WSJ's Jennifer Saranow reports on the increasing number of accidents and wealthy sports-car owners who don't just take weekend drives. According to the California Highway Patrol, the total number of accidents involving Aston Martins, Bentleys, Ferraris, Lamborghinis, Lotuses and Maseratis rose to 141 last year, an 81% increase from 2002, while overall crashes declined statewide during that period. Porsche, BMW and Mercedes-Benz, which sell a wider range of models, saw a 22% increase during that time frame.
These accidents are happening so regularly that a Web site called WreckedExotics.com -- which contains photos of dream cars reduced to smoking heaps -- added as many as 700 new examples to its gallery last year and says it attracts about 650,000 visitors a month. Founder Gregg Fidan explains the attraction this way: "It's like seeing a supermodel fall off the runway."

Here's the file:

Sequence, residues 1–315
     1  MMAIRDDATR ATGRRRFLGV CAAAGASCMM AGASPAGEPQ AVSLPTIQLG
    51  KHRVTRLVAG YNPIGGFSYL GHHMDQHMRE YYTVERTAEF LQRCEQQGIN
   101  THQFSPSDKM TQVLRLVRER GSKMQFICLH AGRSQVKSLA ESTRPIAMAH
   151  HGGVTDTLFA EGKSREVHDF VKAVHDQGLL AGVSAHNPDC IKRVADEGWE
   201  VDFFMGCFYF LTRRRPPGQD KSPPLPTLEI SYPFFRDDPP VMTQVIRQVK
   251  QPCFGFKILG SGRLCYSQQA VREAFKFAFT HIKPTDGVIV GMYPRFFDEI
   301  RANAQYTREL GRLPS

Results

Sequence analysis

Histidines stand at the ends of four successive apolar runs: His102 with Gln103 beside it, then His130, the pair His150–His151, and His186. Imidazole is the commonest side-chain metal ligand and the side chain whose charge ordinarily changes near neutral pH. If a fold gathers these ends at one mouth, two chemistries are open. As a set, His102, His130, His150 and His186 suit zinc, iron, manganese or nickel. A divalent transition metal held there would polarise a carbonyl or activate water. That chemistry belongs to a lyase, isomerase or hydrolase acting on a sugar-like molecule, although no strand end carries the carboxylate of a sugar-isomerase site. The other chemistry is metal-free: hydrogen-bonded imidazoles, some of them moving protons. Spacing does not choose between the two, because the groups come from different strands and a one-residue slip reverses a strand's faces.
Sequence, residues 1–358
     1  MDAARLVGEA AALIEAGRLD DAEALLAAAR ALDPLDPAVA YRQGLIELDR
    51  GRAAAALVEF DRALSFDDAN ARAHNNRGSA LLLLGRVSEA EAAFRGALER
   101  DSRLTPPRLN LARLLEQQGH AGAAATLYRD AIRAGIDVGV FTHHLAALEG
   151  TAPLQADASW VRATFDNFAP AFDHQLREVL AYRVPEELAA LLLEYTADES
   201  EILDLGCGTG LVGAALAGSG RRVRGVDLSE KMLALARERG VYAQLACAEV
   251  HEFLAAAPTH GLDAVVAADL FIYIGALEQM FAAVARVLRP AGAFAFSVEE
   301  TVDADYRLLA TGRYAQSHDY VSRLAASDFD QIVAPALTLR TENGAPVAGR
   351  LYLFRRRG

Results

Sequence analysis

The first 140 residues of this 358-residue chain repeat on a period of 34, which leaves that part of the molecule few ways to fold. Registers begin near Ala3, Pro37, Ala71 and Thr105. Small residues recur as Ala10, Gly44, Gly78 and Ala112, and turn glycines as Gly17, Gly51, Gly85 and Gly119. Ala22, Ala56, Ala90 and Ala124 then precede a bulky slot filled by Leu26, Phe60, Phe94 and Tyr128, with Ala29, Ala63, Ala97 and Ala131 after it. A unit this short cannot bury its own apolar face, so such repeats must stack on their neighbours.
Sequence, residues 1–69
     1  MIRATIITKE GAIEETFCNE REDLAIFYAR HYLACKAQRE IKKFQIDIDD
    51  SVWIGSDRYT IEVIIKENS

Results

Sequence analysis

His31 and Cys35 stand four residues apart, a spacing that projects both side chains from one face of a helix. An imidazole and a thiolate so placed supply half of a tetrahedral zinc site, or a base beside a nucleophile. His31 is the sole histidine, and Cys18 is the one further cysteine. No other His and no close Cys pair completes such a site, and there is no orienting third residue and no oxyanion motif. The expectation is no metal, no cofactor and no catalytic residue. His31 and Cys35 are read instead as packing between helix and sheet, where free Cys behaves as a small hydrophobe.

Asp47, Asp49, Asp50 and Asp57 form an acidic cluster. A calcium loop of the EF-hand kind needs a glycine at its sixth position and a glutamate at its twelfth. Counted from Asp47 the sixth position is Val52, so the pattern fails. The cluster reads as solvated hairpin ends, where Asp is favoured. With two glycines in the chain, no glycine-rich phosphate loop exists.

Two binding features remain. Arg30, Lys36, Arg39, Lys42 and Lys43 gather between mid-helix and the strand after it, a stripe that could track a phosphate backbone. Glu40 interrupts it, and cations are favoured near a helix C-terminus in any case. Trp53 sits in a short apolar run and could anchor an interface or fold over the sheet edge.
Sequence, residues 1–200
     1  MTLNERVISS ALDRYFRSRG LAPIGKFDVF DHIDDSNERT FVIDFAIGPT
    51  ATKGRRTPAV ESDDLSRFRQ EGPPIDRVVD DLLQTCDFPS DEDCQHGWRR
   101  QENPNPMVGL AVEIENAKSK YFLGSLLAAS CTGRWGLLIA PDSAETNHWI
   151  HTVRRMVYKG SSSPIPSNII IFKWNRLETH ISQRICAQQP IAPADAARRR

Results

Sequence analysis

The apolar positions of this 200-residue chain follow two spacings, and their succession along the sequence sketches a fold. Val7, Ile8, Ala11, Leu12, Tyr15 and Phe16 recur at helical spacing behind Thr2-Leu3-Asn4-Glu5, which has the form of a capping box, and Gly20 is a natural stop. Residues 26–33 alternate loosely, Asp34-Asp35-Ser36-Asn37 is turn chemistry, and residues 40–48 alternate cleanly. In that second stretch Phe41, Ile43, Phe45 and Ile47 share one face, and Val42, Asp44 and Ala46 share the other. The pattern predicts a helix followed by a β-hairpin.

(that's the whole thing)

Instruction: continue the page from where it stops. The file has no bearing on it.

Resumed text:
One reason for the increase is that there are simply more of these so-called "supercars" on the road. CNW Marketing Research, a firm that analyzes the auto market, says Americans bought about 8,400 "ultra-luxury" sports cars last year -- more than three times the number from 2003. While the number of supercars registered in California is up sharply, the rate at which they are getting into accidents is still small -- just over 1% -- and hasn't changed appreciably since the state began breaking data down by make in 2002. (The statewide accident rate for all vehicles was 3%.)
Stefan Winkelmann, president and chief executive officer of Lamborghini, a unit of Volkswagen's Audi Group, says he's aware of "four or five" incidents involving one of the company's new 640-horsepower Murcielagos -- a small fraction of the nearly 500 models the company sold last year. Toscan Bennett, a spokesman for Ferrari, a unit of Fiat Group, says the company does not track the number of accidents involving its cars, but adds that several high-profile incidents may have contributed to a false impression that these crashes are common.